News & Blogs
February 24 2021

6 Common Foodborne Illnesses and How to Prevent Them


 
Food plays a vital role in understanding a nation’s culture. Other than being a necessity for survival, many believe that a country’s dishes serve as an expression of identity and a symbol of national pride. While people may have their own views towards food, one trait that they have in common would be the love for eating.
 
However, there are people who frequently indulge and do not follow a healthy diet, eventually leading to diseases such as hypertension and diabetes. But apart from tracking nutrients, every individual should make sure that what they are putting into their bodies does not contain disease-causing germs.
 
Foods and beverages can be breeding grounds for microbes. When dishes are contaminated or prepared incorrectly, bacteria, viruses, and parasites may grow and multiply and eventually enter the body. Some may be lucky enough to experience just an upset tummy, but others may require medical treatment.
 

What are the common foodborne illnesses, and how to prevent them?

To avoid getting literally sick to the stomach, it is best to know the common foodborne diseases along with their sources, symptoms, and preventive measures.

1. Escherichia Coli

Escherichia coli, better known as E. Coli, is a type of bacterial species that usually lives inside a person’s intestines. Most bacteria strains are harmless, but some are notorious for causing severe and life-threatening infections; a prime example would be E. Coli 0157:H7.
 
Causing over 73,000 cases in the U.S. per year and 11-15% of diarrhea in people visiting developing countries, this variant can lead to food poisoning, diarrhea, and even kidney failure.
 
Sources
E. Coli can be found in all kinds of foods and beverages. They are usually acquired by consuming undercooked ground meat products and drinking contaminated water or unpasteurized drinks.
 
Symptoms
  • Diarrhea
  • Fever
  • Nausea
  • Stomach cramps
  • Vomiting
  • Seizures
 
Prevention
  • Cook all types of meat thoroughly. Do not leave any parts raw.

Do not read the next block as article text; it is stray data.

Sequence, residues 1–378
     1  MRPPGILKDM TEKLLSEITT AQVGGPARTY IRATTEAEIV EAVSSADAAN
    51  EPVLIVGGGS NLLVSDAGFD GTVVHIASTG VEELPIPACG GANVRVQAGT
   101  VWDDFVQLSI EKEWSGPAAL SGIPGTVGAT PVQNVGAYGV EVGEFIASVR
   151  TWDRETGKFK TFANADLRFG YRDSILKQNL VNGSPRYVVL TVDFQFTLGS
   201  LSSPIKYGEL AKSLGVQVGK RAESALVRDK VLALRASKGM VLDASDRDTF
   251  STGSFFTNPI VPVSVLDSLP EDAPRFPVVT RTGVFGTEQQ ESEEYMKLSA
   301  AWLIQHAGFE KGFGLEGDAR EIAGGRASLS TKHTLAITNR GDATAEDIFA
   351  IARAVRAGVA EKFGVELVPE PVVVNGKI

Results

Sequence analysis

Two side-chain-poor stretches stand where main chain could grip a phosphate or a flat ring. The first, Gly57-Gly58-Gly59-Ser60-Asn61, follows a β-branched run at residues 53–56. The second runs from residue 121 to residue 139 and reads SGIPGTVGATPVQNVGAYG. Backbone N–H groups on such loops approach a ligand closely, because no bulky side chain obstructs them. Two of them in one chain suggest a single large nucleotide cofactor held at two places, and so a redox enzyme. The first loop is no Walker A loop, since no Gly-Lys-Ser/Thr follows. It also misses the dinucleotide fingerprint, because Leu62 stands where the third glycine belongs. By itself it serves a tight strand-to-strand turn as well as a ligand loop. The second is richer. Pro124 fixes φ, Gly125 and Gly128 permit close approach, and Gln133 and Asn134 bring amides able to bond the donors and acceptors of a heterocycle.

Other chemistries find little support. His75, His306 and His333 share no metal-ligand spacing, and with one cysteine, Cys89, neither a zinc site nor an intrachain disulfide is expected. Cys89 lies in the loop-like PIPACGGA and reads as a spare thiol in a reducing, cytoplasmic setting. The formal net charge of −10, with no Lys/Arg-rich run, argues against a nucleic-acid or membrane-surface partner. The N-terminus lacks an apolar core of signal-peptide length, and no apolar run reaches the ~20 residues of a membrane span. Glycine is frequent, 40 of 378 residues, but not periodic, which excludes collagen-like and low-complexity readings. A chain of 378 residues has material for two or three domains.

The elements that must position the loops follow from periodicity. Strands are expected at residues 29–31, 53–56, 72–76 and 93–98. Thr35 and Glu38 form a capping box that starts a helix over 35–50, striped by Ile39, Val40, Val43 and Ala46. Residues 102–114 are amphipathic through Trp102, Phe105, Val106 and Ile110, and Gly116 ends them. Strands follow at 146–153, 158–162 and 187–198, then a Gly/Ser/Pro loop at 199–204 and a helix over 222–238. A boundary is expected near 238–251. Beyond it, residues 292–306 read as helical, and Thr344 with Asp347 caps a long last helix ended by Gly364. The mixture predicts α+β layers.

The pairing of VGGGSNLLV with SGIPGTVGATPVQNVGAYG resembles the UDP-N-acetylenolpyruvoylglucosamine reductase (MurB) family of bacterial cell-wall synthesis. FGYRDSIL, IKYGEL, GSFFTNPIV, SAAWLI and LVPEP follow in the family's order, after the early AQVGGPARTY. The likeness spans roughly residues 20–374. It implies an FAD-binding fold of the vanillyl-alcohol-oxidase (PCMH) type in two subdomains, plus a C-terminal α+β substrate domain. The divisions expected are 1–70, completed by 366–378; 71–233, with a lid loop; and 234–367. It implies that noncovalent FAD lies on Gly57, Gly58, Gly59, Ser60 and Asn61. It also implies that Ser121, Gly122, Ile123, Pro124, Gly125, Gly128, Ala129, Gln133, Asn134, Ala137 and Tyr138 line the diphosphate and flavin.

• Do not swallow water when swimming in pools, lakes, and open water.
  • Stay away from unpasteurized beverages that include dairy, juices, and ciders.
 

2. Salmonella

Salmonella infection is one of the most common foodborne illnesses in the world. Figures show that the bacteria causes around 1.2 million infections each year, indicating how easy it is to contract it. Upon exposure, it may potentially cause two kinds of illnesses.
 
  • Salmonellosis – A flu-like disease that comes with stomach aches, constant nausea, and cramps
  • Enteric Fever – A high-grade fever that may cause one to experience constipation, aches, and drowsiness
 
Sources
Salmonella can easily contaminate any food, but the bacteria is usually found in raw pork and poultry, vegetables, fruits, and even processed food. It is highly contagious and can be transmitted through exposure to animals or meat drippings and contact with an infected individual.
 
Symptoms
  • Diarrhea (sometimes blood-tinged)
  • Fever
  • Nausea
  • Severe headache
  • Chills
  • Stomach pain and cramps
  • Vomiting
 
Prevention
  • Cook meals thoroughly. Ensure that the dishes (especially those with chicken or pork) do not have any raw parts.
  • Thoroughly rinse fruits and vegetables before peeling and cutting them.
  • After handling meat, wash hands properly and make sure that the countertops are free of animal drippings.
 

3. Clostridium perfringens

Clostridium perfringens is bacteria that can be found in various environments, including humans’ and animals' intestines.
 
The Centers for Disease Control and Prevention states that 1 million infection cases occur in the U.S. annually, making it one of the most common culprits of food poisoning in the country. It can multiply under harsh conditions, and some strains are known to produce harmful toxins.
 
Sources
C. perfringens is usually found in beef, poultry, gravies, and dried or pre-cooked dishes. Infections often happen when a person eats food prepared in large quantities and kept warm for a long time (e.g., buffets and catered events).